42 Pages Posted: 6 Sep 2014
Date Written: June 7, 2014
I demonstrate that when investment fund managers “double down” on positions that have run against them, they outperform. Specifically, I find that a portfolio formed of the U.S. equity positions that hedge fund managers add to after recent stock-level underperformance generates significant annualized risk-adjusted outperformance of between 5% and 15%. This finding is not the result of a simple reversal effect, of a fund’s best ideas (large positions), or of the general informativeness of fund trades. My results are consistent with a career risks mechanism for this phenomenon. By adding to a losing position — the opposite of window dressing — managers are making their losses particularly salient. I demonstrate in a panel regression that investment managers avoid adding to losing positions. Furthermore, managers outperform by more when they double down after greater past losses in a position. These findings suggest a position-level limits to arbitrage effect. Even when an asset decreases in price for non-fundamental reasons, some of the investment managers with the most relevant knowledge of that asset may be particularly hesitant to add to their positions because they have already suffered losses in that asset.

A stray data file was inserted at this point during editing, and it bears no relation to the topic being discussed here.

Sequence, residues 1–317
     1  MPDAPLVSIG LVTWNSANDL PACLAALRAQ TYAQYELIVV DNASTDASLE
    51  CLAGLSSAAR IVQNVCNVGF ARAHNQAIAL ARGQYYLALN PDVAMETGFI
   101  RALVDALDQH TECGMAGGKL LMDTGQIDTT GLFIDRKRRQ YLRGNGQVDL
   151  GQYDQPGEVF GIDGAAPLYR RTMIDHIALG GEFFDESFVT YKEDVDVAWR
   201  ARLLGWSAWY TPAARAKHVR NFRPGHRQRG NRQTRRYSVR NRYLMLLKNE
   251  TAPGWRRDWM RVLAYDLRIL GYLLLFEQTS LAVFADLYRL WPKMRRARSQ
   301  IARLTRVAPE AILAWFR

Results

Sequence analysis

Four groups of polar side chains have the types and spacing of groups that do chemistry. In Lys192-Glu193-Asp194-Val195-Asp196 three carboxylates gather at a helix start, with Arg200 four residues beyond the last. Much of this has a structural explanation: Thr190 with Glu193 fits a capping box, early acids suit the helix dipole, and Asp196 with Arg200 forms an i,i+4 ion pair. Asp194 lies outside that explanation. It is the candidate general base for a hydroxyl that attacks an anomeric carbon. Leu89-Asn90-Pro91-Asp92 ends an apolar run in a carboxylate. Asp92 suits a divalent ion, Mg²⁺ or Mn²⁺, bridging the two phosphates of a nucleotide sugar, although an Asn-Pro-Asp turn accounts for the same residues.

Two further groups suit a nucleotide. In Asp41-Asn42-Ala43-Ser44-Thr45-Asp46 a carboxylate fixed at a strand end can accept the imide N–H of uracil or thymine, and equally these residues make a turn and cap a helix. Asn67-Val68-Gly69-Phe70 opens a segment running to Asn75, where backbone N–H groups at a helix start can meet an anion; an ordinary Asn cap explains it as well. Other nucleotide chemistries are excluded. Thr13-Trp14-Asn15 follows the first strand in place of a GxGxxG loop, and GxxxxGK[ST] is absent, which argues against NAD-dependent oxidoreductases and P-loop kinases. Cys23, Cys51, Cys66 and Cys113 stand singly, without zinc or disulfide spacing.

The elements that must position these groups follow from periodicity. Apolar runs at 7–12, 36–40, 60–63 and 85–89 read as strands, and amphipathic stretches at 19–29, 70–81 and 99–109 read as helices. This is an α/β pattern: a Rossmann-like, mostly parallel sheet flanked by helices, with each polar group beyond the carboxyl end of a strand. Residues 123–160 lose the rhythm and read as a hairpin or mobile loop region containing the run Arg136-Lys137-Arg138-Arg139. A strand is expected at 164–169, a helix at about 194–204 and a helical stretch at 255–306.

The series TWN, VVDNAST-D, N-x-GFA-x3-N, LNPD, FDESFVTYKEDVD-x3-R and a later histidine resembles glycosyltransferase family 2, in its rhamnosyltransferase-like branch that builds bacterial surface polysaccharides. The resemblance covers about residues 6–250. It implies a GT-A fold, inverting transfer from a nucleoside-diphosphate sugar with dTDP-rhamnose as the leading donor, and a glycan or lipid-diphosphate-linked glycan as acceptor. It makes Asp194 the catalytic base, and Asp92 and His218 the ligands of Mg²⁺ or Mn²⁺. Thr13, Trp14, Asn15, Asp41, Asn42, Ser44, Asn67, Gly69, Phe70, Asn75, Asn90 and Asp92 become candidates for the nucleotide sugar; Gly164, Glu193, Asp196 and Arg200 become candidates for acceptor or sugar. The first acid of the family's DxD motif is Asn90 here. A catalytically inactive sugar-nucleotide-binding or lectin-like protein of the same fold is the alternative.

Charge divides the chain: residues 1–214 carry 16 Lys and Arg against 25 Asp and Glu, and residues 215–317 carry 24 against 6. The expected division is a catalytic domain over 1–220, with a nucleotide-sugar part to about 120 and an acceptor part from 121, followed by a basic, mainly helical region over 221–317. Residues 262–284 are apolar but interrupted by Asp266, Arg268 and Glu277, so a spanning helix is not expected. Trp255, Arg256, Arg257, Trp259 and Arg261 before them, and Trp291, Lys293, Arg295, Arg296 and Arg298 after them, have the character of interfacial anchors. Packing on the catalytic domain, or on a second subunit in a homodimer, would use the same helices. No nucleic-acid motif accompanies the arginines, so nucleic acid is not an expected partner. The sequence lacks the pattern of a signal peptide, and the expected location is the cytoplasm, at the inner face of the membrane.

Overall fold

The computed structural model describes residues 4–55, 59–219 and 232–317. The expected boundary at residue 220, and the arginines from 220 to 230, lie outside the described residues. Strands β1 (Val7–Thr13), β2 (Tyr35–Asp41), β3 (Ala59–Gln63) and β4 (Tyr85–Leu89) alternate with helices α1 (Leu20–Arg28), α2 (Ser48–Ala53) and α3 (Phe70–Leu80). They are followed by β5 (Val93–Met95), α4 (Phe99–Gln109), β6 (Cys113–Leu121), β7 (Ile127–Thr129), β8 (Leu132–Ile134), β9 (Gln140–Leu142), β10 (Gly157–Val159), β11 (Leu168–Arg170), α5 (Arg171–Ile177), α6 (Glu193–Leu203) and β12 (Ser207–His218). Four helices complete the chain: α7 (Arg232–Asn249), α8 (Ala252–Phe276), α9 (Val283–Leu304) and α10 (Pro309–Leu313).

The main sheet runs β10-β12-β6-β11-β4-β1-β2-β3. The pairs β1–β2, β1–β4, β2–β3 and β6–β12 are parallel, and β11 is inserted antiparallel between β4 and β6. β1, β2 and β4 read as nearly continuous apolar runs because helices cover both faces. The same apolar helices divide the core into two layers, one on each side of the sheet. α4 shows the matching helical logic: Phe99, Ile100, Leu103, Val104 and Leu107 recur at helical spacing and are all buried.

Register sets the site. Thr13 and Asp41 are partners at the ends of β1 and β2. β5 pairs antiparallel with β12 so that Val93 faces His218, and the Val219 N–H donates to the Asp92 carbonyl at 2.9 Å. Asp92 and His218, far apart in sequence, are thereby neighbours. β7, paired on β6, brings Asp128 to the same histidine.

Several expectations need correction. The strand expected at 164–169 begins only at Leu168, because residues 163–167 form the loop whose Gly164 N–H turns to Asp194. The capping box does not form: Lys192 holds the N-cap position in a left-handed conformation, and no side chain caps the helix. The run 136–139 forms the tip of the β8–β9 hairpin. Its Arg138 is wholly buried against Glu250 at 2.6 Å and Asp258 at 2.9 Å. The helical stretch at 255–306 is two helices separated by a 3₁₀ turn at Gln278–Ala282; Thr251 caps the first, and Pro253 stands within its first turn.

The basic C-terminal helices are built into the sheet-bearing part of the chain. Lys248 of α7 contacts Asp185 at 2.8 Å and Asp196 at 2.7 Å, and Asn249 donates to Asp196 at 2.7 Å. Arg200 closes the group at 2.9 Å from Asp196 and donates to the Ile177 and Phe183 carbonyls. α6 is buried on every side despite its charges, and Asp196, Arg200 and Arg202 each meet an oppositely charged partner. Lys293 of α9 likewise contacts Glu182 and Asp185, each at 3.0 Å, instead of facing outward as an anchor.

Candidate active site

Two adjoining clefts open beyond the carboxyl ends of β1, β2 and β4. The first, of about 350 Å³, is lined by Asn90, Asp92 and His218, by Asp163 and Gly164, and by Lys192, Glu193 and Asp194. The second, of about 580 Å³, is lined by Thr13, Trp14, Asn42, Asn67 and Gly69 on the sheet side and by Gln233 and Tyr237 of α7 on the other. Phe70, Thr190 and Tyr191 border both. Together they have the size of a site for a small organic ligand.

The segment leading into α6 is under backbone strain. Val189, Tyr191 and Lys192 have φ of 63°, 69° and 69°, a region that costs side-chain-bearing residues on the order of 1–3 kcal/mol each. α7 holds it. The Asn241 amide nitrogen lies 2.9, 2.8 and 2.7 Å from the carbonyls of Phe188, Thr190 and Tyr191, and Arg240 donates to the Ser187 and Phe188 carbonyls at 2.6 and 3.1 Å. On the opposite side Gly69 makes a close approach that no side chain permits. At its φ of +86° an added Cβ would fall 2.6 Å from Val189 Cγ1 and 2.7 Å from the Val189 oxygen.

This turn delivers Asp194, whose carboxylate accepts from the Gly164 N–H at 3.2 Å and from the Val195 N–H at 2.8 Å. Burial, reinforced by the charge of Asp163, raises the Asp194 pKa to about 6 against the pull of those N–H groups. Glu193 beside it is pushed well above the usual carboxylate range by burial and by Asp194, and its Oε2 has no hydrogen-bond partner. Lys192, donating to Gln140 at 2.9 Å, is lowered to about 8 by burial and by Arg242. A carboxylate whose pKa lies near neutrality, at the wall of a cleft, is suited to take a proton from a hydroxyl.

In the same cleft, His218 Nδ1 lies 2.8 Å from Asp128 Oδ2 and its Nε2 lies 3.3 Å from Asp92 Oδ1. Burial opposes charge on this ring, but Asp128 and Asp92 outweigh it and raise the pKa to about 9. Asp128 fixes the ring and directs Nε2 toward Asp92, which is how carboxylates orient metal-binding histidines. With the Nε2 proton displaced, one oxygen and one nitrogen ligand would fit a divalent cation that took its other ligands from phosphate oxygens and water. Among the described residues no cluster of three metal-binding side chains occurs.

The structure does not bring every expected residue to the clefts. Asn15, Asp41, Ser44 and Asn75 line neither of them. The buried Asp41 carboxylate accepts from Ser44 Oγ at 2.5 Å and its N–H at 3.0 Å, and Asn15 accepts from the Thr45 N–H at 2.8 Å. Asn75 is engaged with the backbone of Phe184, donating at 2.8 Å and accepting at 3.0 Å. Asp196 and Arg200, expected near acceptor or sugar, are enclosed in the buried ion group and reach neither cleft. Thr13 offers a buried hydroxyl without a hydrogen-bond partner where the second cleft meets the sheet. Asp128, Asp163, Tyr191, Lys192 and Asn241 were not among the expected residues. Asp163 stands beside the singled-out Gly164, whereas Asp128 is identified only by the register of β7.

Keywords: Hedge Funds, Investment Manager Skill, Career Risks, Limits to Arbitrage
JEL Classification: G12, G14, G23
Suggested Citation: Suggested Citation